CITES Ends Export of Wild African Elephants to Zoos, Circuses

Photo from Flickr by Diana Robinson
Photo from Flickr by Diana Robinson

Geneva, Switzerland—In a monumental move today, delegates at the 18th meeting of the CITES Conference of the Parties delivered a crucial victory for African elephants by voting in plenary to end the barbaric practice of removing live elephants from the wild and shipping them to zoos and circuses around the globe.

Eighty-seven CITES parties, representing 75 percent of voting countries, decided to restrict trade in live elephants from Zimbabwe and Botswana to in situ conservation programs or secure areas in the wild within the species’ natural and historical range in Africa, with limited exceptions. This would end the export of elephants from these countries to captive facilities outside of Africa, barring exceptional circumstances or emergency situations.

“This is a remarkable victory,” said Johanna Hamburger, wildlife attorney for the Animal Welfare Institute in Washington, DC. “Today’s action will save an untold number of baby elephants from the horrific experience of being torn from their mothers, beaten during capture and conscripted into a lifetime of captivity. Now, these animals can continue to roam the African wilderness with their families—where they belong.”

Last week, 46 CITES parties voted in committee to limit the elephant trade, but the vote still needed to be finalized in the plenary session today.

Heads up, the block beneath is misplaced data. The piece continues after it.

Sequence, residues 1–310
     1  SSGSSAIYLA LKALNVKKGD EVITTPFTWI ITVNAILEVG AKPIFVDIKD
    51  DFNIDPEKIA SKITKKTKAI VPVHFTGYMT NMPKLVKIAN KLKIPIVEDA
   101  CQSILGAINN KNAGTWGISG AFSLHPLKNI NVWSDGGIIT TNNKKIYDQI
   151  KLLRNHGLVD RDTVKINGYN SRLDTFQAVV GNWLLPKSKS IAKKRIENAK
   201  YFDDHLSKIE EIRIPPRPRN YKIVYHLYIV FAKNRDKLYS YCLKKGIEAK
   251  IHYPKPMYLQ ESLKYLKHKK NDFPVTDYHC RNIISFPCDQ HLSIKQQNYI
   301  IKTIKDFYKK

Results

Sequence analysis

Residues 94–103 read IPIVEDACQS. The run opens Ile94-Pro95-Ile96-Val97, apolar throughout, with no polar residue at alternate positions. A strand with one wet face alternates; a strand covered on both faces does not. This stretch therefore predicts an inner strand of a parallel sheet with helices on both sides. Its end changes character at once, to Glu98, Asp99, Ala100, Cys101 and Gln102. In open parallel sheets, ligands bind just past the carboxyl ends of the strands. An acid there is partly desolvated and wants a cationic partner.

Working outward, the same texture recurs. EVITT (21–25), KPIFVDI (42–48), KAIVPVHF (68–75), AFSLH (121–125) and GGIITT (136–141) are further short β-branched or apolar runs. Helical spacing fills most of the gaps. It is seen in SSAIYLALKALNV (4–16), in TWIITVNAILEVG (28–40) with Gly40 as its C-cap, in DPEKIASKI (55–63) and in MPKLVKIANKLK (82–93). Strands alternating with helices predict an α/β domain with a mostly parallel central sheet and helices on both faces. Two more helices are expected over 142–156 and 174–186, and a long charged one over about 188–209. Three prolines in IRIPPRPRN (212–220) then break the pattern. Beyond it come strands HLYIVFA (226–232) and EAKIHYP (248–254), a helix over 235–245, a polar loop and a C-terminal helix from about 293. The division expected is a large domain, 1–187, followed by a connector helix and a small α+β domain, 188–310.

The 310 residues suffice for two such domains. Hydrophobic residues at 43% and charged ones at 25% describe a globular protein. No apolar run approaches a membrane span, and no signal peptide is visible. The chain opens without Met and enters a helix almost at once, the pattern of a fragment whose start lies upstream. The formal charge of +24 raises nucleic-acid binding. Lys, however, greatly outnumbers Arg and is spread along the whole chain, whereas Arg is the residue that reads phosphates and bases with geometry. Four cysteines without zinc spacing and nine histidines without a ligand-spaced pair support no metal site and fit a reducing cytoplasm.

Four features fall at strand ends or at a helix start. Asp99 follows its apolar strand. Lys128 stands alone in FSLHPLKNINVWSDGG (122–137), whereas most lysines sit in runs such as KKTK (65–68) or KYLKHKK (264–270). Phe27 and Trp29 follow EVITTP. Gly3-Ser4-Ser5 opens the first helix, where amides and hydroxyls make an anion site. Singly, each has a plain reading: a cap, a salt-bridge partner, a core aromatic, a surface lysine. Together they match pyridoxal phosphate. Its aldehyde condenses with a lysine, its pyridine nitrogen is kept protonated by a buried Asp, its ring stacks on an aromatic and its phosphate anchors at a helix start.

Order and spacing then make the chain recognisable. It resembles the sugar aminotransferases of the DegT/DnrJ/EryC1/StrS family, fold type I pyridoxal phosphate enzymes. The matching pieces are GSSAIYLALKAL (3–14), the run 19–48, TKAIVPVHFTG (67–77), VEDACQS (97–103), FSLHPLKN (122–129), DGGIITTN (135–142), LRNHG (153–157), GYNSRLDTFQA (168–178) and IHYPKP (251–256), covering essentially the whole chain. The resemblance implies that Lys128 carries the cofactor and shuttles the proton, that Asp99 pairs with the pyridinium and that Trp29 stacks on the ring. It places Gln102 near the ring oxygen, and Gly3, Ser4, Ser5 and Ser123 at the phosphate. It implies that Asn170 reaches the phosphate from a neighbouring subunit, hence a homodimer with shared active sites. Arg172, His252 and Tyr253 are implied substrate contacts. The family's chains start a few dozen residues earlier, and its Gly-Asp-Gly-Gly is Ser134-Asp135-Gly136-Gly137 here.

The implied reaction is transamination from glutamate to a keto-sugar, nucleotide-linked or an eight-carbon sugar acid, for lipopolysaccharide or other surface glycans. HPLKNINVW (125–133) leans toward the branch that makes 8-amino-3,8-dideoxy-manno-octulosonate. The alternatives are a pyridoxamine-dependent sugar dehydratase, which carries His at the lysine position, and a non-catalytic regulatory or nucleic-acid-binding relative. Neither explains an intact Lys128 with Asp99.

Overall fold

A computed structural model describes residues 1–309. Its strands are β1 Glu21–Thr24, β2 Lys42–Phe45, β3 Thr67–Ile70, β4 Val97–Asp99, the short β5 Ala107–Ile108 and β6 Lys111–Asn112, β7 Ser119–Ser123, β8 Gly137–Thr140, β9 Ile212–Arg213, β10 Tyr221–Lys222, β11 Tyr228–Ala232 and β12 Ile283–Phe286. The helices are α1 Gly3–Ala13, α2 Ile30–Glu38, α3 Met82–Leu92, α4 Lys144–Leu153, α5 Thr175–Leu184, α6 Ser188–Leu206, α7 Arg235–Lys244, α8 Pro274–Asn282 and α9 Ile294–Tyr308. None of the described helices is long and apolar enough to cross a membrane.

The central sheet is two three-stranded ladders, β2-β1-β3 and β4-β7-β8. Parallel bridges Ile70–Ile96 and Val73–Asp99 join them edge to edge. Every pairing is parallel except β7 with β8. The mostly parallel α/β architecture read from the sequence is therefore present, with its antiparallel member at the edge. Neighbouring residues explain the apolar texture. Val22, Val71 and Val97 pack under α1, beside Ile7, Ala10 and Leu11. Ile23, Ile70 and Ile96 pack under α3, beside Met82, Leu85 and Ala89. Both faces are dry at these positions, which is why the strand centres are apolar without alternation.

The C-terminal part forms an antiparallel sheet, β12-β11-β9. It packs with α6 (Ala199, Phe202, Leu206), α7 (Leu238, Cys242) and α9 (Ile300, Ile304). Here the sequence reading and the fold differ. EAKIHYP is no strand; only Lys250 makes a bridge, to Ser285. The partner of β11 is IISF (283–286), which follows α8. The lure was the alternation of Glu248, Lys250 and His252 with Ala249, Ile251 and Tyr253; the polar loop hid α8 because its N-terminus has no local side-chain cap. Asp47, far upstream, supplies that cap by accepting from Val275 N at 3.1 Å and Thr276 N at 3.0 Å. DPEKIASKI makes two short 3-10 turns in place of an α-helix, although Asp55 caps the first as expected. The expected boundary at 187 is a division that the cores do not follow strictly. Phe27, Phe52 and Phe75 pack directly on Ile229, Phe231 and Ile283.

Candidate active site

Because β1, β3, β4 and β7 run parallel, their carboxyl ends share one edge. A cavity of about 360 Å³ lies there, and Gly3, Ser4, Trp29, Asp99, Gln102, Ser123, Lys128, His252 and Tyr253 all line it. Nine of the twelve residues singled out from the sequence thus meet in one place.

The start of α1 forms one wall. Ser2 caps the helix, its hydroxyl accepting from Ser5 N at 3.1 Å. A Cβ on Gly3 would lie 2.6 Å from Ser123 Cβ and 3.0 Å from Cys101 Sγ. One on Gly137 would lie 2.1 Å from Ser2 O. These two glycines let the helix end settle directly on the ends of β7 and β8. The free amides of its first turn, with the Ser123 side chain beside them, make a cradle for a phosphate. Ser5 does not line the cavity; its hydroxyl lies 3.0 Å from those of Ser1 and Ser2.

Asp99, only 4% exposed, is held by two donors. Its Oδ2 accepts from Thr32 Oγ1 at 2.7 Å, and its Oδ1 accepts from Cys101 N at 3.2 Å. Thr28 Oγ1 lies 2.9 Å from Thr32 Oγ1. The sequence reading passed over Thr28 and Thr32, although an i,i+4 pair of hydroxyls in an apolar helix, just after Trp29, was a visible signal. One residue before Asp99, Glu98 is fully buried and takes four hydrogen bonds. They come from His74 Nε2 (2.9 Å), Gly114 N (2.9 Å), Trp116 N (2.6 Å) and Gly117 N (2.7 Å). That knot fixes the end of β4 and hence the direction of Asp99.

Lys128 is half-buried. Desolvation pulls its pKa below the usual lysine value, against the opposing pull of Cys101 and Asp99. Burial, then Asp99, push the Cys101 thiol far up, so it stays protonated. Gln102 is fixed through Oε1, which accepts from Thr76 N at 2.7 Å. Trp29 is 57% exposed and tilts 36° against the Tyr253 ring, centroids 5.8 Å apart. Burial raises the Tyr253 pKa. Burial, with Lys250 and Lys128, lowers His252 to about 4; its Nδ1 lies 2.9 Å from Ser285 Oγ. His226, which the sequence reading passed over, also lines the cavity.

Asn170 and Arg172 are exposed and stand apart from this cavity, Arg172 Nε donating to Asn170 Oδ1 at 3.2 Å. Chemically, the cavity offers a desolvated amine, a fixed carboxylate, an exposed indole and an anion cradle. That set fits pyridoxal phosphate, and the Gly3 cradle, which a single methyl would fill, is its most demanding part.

The European Union—which, along with the United States, opposed the proposal in committee last week—moved to reopen the debate. The EU offered several amendments to the proposal clarifying that the restrictions would not apply to elephants already housed in zoos and facilities outside of Africa and would permit transfers abroad in exceptional circumstances where wild elephant populations would gain considerable conservation benefits. The CITES Animals Committee and the IUCN African Elephant Specialist Group would be responsible for reviewing such transfers.

Unsatisfied with these amendments, the United States—for the second time in less than two weeks—voted against limiting the elephant trade.

“By voting against this proposal today, the United States disregarded opposition to this cruel practice from the American public, 31 African countries, the International Union for Conservation of Nature, and many eminent elephant biologists,” Hamburger said.

Since 2012, Zimbabwe has captured and exported 108 wild African elephants to zoos. From a helicopter, captors shoot tranquilizer darts at the young elephants, and then maneuver the chopper to drive away the rest of the herd. Some elephants die while waiting to be shipped, in transit, or upon arrival at their destination. Elephants who do survive the long journey have been observed living in dark, barren cells in holding facilities and zoos.

“Elephants are social and emotional animals who form strong family bonds and suffer tremendously in captivity, both physically and psychologically.” Hamburger said. “The negative impacts of capture on individuals, families, larger social groups and the wider ecology are well-documented.”

“The only acceptable and appropriate destination for wild African elephants is their natural range states,” Hamburger added. “No wild elephant should be stolen from the herd and subjected to miserable conditions in order to stock zoos and other entertainment facilities in faraway countries. Today’s vote shuts down the pipeline for elephants to be sold into captivity.”

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Margie Fishman, (202) 446-2128, [email protected]